MDC Alliance presidential candidate Nelson Chamisa's lawyer Thabani Mpofu says they have secured military assurances the presidential contender will not be blocked from taking over as state president if he wins Monday's election.
He however hinted on the opposition taking charge of the process by insisting "power will be taken" and that "mountains" will be moved.
Mpofu, who heads the MDC-T leader's legal team and is also advisor to him, was addressing a press conference at a local hotel in Harare Thursday.
"I come to you Zimbabwe in my capacity as the legal advisor to the incoming president (Chamisa) and the head of his legal team; I come fellow Zimbabweans to execute my and our biggest brief ever to make, for your benefit and for posterity," Mpofu said.
"A transitional framework, one which cannot fail has also been put in place to that effect.
"I wish to assure you in my name and honour that I and our legal team are going to superintend over the imminent smooth transfer of power to the incoming President."
Mpofu added, "The necessary assurance from the security apparatus are at hand as they exist as a matter of law.
"Power will be relinquished, power will be taken; even though mountains be moved, albeit this shall be peaceful and tranquil process."
He refused to divulge the plans set up to ensure power transfer saying that it could not be shared publicly for fear of jeopardising the plan.
"But the answer that I am here to answer is Chamisa, the incoming president, will he be allowed to take over power by the security apparatus; yes, he will be allowed. The programme is already in place and they have assured us that the will of the people will be respected," he said.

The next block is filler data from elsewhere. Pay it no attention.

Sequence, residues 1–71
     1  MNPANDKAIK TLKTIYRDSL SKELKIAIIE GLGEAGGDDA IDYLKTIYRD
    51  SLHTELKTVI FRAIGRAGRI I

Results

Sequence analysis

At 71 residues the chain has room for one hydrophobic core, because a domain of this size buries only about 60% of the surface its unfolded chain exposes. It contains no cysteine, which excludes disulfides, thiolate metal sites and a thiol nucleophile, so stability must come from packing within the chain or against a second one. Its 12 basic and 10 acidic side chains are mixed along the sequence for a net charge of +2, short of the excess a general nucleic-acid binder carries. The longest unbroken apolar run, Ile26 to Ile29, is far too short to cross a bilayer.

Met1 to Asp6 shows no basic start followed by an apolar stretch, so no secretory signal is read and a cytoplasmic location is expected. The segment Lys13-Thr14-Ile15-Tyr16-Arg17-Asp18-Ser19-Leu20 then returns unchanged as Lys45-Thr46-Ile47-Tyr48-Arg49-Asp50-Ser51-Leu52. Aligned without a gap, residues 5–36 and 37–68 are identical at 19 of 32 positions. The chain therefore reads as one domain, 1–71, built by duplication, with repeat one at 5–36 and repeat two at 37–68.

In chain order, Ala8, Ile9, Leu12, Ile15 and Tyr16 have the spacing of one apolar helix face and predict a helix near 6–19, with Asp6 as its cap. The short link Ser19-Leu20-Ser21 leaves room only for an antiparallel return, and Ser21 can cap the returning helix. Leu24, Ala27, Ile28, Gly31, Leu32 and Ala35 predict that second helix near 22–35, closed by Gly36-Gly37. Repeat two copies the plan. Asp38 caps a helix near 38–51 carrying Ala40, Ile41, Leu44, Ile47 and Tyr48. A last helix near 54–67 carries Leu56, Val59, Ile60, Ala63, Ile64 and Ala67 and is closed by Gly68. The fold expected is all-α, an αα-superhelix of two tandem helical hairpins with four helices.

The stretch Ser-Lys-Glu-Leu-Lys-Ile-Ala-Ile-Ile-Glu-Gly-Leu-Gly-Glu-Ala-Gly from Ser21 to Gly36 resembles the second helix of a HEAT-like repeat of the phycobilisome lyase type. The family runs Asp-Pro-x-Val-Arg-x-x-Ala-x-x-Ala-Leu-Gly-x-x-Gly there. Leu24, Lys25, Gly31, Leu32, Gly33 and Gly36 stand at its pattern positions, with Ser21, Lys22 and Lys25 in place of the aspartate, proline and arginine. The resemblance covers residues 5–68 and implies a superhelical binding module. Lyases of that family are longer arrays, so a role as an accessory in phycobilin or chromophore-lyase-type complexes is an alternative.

"So, people must go and vote knowing that their vote will be respected and protected."
His comments come amid concerns the country's partisan military may try to throw spanners in the wake of a possible victory by the popular opposition leader.
In 2008, then MDC-T leader Morgan Tsvangirai was blocked from assuming office when all indications suggested he had defeated then President Robert Mugabe.
The military went on to sponsor a bloodbath in which the opposition claims more than 200 of its supporters were killed with more maimed.
Prior to the episode, the military, had put out a declaration they were not going to allow any presidential election winner who did not have liberation war credentials. This was in apparent reference to Tsvangirai who did not take part in the country's war of liberation.
Chamisa told a campaign rally in Chitungwiza Thursday that he was tougher than his predecessor and would not allow President Emmerson Mnangagwa and his deputy Constantino Chiwenga to harass him like they did to the now late former Prime Minister.
While there have been calls for the country's military top brass to put up a public commitment they were going to respect the outcome of the election in the event of a Mnangagwa loss, there have been nothing of such.
Only the much junior Zimbabwe Defence Forces spokesperson Colonel Overson Mugwisi early this month said at a media briefing the military did not take sides in the country's political race.